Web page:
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October 6, 2022

Is it Necessary to Prevent Underarm Odor and Sweat?

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Is it Necessary to Prevent Underarm Odor and Sweat?

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The History of Masking Body Odor

With climate change making heat waves longer and more intense, one thing is for certain: we will be sweating more. 

Sweating – like breathing, sleeping, or going to the bathroom – is what our bodies do to maintain homeostasis (physiological balance). It’s only within the past hundred or so years that we have conceptualized this bodily process as something to be stopped.

From the Babylonians to Renaissance Europe, people have masked body odor with perfume. What, then, led to the creation of a multibillion-dollar industry of products that prevent odor and sweat? It began in early 20th-century Cincinnati, Ohio, when a surgeon created an antiperspirant to keep his hands sweat-free while performing operations. The surgeon’s daughter would hire an advertising agency to convince the general population – especially young women – that sweating is a social faux pas and bad for one’s romantic life (and, therefore, they need the surgeon’s hand antiperspirant for the underarms) (Everts, 2012).

The Origins of Antiperspirants

For years, there’s been concern that aluminum-based salts in antiperspirants – which are being used with much greater frequency than, for example, perfumes in ancient Mesopotamia – are not just unnecessary, but can cause breast cancer. The concern is largely due to the fact that breast cancer has a propensity to first develop in the upper outer quadrant of the breast area – the same place where antiperspirant is applied. Yet so far science has not found a conclusive link between antiperspirants and breast cancer (Namer et. al., 2008, Allam, 2016). The one study that did find such a link (and claimed that antiperspirants, by blocking sweat glands, lead to a backup of sex hormones) was poorly designed and didn’t use a control group – and also failed to mention that, as it is, the upper outer quadrant has more breast tissue than other quadrants to begin with (Gorski, 2014).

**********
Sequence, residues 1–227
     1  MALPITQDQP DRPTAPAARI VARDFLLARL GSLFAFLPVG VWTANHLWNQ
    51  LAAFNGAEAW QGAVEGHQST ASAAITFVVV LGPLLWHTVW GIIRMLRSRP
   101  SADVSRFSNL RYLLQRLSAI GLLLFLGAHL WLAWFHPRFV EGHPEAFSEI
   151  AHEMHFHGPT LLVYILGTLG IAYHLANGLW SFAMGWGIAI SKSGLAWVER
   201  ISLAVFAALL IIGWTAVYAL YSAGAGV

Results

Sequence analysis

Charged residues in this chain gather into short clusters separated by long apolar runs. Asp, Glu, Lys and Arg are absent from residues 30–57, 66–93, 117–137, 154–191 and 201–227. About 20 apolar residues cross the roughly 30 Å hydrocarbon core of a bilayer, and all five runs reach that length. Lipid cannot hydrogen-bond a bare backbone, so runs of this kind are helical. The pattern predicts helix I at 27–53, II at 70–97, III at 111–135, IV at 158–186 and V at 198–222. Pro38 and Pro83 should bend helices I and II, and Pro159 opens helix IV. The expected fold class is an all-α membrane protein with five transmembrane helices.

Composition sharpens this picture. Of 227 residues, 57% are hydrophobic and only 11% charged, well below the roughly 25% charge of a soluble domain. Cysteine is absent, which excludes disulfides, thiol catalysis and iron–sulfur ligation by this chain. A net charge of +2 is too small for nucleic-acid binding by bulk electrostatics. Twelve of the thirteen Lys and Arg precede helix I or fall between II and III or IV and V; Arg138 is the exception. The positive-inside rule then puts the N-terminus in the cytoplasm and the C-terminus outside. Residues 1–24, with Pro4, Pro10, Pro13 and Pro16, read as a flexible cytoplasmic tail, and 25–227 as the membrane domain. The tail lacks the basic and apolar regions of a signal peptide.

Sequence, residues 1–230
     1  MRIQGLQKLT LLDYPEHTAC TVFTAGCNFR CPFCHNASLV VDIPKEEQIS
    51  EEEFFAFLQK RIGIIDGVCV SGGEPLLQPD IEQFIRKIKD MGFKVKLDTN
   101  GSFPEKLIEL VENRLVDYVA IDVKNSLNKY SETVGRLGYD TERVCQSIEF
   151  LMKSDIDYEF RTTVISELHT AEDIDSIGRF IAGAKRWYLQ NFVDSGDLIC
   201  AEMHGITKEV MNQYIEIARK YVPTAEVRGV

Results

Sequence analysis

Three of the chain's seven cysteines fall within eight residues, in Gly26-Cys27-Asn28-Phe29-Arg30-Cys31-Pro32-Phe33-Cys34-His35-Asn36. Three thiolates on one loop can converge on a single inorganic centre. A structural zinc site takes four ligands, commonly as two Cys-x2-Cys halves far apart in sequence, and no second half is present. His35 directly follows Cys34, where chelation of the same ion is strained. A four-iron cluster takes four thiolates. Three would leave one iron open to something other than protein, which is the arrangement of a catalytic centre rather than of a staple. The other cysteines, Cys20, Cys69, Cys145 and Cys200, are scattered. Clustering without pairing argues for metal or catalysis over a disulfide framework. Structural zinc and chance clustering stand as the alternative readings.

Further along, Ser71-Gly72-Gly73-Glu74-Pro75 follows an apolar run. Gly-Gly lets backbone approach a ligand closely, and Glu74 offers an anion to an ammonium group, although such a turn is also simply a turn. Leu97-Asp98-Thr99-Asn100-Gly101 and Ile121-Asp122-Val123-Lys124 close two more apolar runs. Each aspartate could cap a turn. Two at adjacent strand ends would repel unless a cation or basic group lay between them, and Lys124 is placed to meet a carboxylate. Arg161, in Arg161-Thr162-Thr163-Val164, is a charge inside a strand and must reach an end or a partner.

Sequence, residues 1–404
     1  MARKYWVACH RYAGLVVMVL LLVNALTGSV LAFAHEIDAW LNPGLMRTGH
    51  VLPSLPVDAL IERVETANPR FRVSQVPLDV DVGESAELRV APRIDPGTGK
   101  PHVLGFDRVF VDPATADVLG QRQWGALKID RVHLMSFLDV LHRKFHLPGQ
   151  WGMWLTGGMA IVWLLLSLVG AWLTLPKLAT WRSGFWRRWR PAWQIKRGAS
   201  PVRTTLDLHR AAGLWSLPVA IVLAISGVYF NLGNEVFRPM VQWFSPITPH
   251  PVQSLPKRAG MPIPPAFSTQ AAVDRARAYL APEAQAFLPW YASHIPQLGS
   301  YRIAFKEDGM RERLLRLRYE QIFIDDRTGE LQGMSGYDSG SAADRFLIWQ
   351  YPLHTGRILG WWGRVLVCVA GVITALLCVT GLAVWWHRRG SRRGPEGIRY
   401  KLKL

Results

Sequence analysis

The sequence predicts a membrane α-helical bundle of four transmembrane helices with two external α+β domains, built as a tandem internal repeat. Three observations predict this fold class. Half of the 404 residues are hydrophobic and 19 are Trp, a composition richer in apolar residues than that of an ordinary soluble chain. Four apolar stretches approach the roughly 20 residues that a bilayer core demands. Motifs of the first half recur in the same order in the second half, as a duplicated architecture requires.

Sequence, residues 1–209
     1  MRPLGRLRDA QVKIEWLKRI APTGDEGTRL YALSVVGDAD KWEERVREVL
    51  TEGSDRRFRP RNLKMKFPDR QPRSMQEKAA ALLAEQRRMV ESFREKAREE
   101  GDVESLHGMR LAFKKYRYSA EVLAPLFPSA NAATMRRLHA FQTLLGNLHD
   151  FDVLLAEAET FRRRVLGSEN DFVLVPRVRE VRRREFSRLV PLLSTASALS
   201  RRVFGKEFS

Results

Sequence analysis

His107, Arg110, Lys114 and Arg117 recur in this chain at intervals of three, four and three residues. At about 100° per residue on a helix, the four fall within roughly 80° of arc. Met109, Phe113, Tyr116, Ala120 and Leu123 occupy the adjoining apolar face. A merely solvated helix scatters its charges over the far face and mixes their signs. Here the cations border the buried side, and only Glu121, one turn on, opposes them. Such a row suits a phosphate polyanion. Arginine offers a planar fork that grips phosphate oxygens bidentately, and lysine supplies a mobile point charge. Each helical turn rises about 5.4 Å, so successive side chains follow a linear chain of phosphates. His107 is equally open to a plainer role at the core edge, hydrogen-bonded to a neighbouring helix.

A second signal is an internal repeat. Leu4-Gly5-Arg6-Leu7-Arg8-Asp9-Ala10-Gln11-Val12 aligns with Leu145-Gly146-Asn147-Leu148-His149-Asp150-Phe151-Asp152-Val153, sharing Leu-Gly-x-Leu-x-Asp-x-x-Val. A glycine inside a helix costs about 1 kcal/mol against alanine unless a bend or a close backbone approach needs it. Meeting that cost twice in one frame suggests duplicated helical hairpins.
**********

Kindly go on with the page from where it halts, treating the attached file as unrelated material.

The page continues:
Even though the link between aluminum-based salts and cancer remains inconclusive, it’s true that, medically speaking, we don’t really need antiperspirants, although it’s understandable why some people use them. One of my cousins takes a medication that causes her to excessively sweat, and she’s self-conscious of her pit stains. I, likewise, am self-conscious of how I smell if I go for one day without applying anything under my arms after showering. 

Modern Day Antiperspirants

I’ve opted for what I like to think is a middle road in 21st-century hygiene: to prevent odor, but let my body do its job and sweat. I use a plain crystal stone deodorant. Not only does it lack irritating dyes or fragrances (because it involves just one ingredient – a hunk of potassium alum) but even its mechanism of action is pretty cool. Potassium alum is a naturally-occurring mineral salt (not to be conflated with synthetic aluminum compounds in antiperspirants). Mineral salts are applied to the skin wet, but when they dry they form a salty layer; that layer doesn’t kill odor-causing bacteria, but creates an inhospitable environment for them. 

Deodorant sans antiperspirant may not be for everyone, but if you don’t mind a bit of odorless dampness, a crystal stone might be for you!

It’s Fetch is a community that provides a safe space for members to discuss health and wellness topics. We provide access to archived health related content, note the date of last review or update on all articles. No content shared, regardless of date should ever be used as a substitute for direct medical advice from your doctor or other qualified clinician.

-Written by Laura Miller

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